A Texas judge agreed with defense attorneys’ claims that a 16-year-old who killed four people while driving drunk had been given whatever he wanted by his wealthy parents and had never learned to accept responsibility for his actions.
So she sentenced him to 10 years on probation, setting aside prosecutors’ request for a 20-year prison term after the teen pleaded guilty last week to four counts of intoxication manslaughter and two counts of intoxication assault causing serious bodily injury.
Court records show Ethan Couch had a blood-alcohol content of 0.24, more than three times the legal limit for an adult, when he slammed into four people who’d stopped to assist a stranded motorist June 15 alongside a narrow Tarrant County road.
All four pedestrians were killed, including a mother and daughter, and two of Couch’s friends were thrown from his pickup and severely injured.
Breanna Mitchell, whose SUV had broken down, was killed, along with two neighbors, Hollie and Shelby Boyles, who lived nearby and came out to help, and youth minister Brian Jennings, who stopped to assist.
Solimon Mohmand broke numerous bones and suffered internal injuries, and Sergio Molina was paralyzed and can communicate only by blinking his eyes.
Couch and his friends had stolen beer from a nearby Wal-Mart store before the crash, prosecutors said.
The teen’s attorneys never denied that Couch was driving the pickup or that he’d been drinking underage, but they argued that his parents should be held responsible for their son’s actions because of the way they’d raised him.
The psychologist said Couch’s parents used their son to hurt each other after a contentious divorce and never taught him basic lessons for interacting with others.
His father “does not have relationships, he takes hostages,” Miller said, and he described the teen’s mother as a desperate, manipulative woman.
“The teen never learned to say that you’re sorry if you hurt someone,” said psychologist Gary Miller, who began evaluating the teen the day after he was released from the hospital following the crash. “If you hurt someone, you sent him money.”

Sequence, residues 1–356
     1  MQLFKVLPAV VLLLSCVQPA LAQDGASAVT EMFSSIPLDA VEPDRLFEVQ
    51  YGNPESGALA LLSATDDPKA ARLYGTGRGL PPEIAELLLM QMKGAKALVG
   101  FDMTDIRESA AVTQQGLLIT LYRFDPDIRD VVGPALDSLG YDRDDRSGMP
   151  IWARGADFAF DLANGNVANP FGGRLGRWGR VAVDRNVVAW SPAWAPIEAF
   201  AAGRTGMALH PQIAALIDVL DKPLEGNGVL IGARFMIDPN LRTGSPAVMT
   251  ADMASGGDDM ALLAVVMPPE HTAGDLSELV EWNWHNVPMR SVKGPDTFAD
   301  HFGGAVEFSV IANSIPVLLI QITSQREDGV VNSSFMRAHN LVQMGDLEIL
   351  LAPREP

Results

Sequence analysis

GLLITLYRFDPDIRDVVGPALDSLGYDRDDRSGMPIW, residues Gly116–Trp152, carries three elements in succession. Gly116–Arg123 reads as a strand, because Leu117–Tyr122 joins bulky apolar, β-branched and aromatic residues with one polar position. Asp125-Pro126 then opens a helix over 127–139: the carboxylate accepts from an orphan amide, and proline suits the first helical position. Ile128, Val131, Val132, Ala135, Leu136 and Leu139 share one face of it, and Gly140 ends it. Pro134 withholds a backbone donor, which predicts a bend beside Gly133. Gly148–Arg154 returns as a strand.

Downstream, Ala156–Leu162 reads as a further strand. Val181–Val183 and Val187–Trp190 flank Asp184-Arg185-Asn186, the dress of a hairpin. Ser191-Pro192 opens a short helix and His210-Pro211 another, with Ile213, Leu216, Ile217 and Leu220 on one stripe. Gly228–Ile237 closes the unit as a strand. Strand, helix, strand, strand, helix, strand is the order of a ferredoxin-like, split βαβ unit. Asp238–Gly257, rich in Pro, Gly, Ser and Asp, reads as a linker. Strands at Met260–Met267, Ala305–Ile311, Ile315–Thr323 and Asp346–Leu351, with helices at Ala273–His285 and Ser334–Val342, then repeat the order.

Miller said he believed the teen could become a contributing member of society if he undergoes mental health and substance abuse treatment, which he might not receive in jail.
The victims’ families and prosecutors said they were stunned and disappointed by the sentence handed down by State District Judge Jean Boyd, who will not seek re-election when her term ends in December 2014.
“We had over 180 years of life taken, future life not 180 years lived, but 180 years of future life taken and two of those were my wife and daughter,” said Eric Boyles, who exited the courtroom in tears.
Boyd ordered the teen to undergo therapy at a long-term, in-patient facility, and his father offered to pay more than $450,000 a year for therapy at a rehabilitation center in southern California.
Couch will stay at the Tarrant County juvenile detention until the juvenile probation department can recommend possible treatment programs.
If he violates the terms of his probation, the teen could be sent to prison for 10 years.
His attorney said the teen could have been freed after two years if the judge had imposed a 20-year prison term.
“(The judge) fashioned a sentence that is going to keep Ethan under the thumb of the justice system for the next 10 years,” said defense attorney Scott Brown. “And if Ethan doesn’t do what he’s supposed to do, if he has one misstep at all then this judge or an adult judge when he’s transferred can then incarcerate him.”
But that served as little comfort to Boyles, who had never spoken publicly about the crash that claimed his family’s lives until after the sentencing.
“Money always seems to keep (the teen) out of trouble,” Boyles said. “Ultimately today, I felt that money did prevail. If (he) had been any other youth, I feel like the circumstances would have been different.”
Watch this WFAA-TV report posted online by pouchon gerard:
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